Ashtavakra Gita

The Ashtavakra Gita consists of about 300 verses. It states the non-dual teachings with extreme brevity and directness. It is based on the understanding that only the Absolute is absolutely real, everything else exists phenomenally. It does not reason this out further, but expresses the implications straightforwardly. Here are the first four verses:

1. Pupil to the Teacher: O Lord, tell me this. How does one acquire knowledge of Truth, and how liberation, and how the practice of renunciation?

2. Teacher to pupil: O Friend! If thy aim in life is liberation then shun sense objects as poison, and pursue as nectar, forgiveness, simplicity of life, compassion, contentment and truth.

Note: ‘Sense objects’ are passing, and the good in them is a characteristic of the all-pervading Truth; devotion to them impoverishes the resources of the soul and becomes a binding factor.

3. Thou art neither earth, water, fire, air, nor ether. Know thy Self (Atman) as Witness of all these, and different from them, if thou would’st attain liberation.

Note: This verse provides a text for meditation. If done with feeling, bondage which is illusory like self-induced hypnosis, can be terminated.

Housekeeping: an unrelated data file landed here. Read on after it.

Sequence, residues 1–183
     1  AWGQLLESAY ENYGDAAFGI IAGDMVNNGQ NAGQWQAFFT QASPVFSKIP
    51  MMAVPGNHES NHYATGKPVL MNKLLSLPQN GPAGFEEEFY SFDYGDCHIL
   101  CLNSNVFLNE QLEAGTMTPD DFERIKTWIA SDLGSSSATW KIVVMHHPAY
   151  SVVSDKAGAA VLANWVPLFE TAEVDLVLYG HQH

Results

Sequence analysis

4. If, detaching thyself from thy sense of identity with the body, thou remain at rest in Intelligence, thine will be spontaneous bliss, eternal peace and liberation from the imagined bondage.

In its brevity and directness, the Ashtavakra Gita has similarities with the Avadhut Gita.

The presentation in these Gitas is in a sense simple. They can help us to grasp essential points in the non-dual teachings, although the full meaning cannot be completely fathomed intellectually. These are not to be studied like text-books, their verses may  be taken as texts for meditation and reflection.

If we are practising meditation regularly and making sincere efforts to apply the principle that all is ultimately one in Truth, we may find insight and support (and beauty) in these texts.

‘Ashtavakra’ is the name of the sage to whom authorship of the text is attributed. This is all that is known about him.